Published December 31, 2012
How do those bubbles get in the bottle? For some lower-end wines, it's the same way sodas are carbonated, through the introduction of carbon dioxide gas. But higher-end wines are crafted utilizing a more expensive and complex technique named after the finest sparkling wines, "méthode champenoise."
Whether it's sparkling Shiraz from Australia, sparkling Riesling from Austria, Cava from Spain or Champagne from France, all wines begin in the vineyard. Soil, climate, weather and cultural practices affect the quality and character of the fruit. Once the grapes are harvested, they are placed in a destemmer/crusher, which separates the stems from the fruit and breaks up the berries. The stems are then discarded leaving a "must," a combination of juice, seeds, pulp and skins. At this point, the process for red and white wine production differs.
The juice from both red and white wine grapes is without color. Red wines are fermented together with the grape skins and seeds. The skins float to the top forming a cap during fermentation and must be moistened regularly with juice to extract color and flavors. Red wines are usually fermented for a period of five to ten days.
For whites, the skins and seeds are usually removed from the must after only a few hours. The skins are pressed to extract all the remaining juice. The juice is filtered, then placed in stainless steel tanks or oak barrels where the wine will ferment following the addition of yeast. White wine fermentation lasts from three days to three weeks. When fermentation has run its course, the vintner will stop the process and filter the wine to remove solids and yeast remnants.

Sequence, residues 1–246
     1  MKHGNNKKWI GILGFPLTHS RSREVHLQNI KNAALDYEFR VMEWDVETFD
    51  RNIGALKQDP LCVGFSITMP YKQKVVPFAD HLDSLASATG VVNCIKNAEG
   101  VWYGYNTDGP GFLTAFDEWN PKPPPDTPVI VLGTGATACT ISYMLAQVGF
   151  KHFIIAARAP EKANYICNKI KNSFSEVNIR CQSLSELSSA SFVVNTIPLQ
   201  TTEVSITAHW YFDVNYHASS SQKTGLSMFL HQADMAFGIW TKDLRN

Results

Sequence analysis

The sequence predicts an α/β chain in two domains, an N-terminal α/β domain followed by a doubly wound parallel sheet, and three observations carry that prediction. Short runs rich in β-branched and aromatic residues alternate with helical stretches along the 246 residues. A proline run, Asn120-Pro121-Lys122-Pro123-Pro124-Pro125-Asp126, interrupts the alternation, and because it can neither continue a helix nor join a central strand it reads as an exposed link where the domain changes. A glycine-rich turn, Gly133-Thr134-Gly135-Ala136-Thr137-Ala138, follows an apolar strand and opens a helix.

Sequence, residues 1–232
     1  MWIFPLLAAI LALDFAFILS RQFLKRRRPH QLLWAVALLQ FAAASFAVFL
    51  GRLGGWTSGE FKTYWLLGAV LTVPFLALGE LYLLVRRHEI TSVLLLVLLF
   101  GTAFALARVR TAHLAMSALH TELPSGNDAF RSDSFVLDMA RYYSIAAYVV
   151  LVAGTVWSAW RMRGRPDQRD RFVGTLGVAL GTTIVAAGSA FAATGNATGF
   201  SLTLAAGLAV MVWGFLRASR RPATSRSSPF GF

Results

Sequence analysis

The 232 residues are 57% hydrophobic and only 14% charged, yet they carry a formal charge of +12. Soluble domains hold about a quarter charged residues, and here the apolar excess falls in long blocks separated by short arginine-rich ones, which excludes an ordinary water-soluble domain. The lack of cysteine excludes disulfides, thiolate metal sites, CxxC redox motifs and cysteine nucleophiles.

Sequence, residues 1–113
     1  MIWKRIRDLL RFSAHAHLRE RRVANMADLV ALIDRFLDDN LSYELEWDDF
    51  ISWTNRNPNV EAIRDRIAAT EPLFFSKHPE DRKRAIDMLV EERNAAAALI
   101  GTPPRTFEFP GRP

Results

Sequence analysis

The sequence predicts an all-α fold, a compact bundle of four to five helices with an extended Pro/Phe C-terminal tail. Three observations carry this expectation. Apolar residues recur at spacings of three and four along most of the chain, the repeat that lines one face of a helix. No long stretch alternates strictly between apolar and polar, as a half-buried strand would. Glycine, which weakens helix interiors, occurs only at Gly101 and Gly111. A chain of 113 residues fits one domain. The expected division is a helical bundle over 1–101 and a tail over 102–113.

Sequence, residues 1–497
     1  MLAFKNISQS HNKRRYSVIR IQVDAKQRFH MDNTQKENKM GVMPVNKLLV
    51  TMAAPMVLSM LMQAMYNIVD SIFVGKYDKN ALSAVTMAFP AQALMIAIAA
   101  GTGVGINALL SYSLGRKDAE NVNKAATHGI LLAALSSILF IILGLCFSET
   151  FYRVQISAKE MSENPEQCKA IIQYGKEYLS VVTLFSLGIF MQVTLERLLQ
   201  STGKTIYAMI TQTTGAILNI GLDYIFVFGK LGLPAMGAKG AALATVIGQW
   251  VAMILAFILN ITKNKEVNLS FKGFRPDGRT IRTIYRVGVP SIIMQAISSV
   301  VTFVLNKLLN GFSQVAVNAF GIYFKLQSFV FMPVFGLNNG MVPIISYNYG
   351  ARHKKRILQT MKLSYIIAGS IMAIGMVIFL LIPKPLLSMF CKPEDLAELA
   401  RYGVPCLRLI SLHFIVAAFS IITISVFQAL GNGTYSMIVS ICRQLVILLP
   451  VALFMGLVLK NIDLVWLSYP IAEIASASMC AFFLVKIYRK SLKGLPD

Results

Sparkling wines are made from red or white still wines, such as Chenin Blanc, French Colombard, Chardonnay or Pinot Noir, which serve as a base for the next stage of this unique winemaking process. For Champagnes, which must meet many strict regulations as opposed to other sparkling wines, Chardonnay, Pinot Noir and Pinot Meunier grapes are used almost exclusively. (You may see Champagne grapes at the supermarket, but they are not used to make Champagne!) A "triage" — a blend of the base wine, yeast nutrient and a source of sugar — is added to the base wine and the mixture is fermented a second time in a sealed container which traps carbon dioxide producing the effervescence or bubbles. The second fermentation usually takes four to eight weeks.
The new sparkling wine is aged in the bottle interacting with the dead yeast cells called lees, which affects the flavor and texture of the final product. Non-vintage Champagnes must age a minimum of 15 months on their lees, while vintage Champagnes (those made from a single year's harvest) must age at least three years. Then the bottles are turned upside-down and turned frequently, causing the lees to fall into the neck of the bottle. The sediment is disgorged, and the bottles are topped off, corked and capped. After a short rest, they are ready to help you celebrate.
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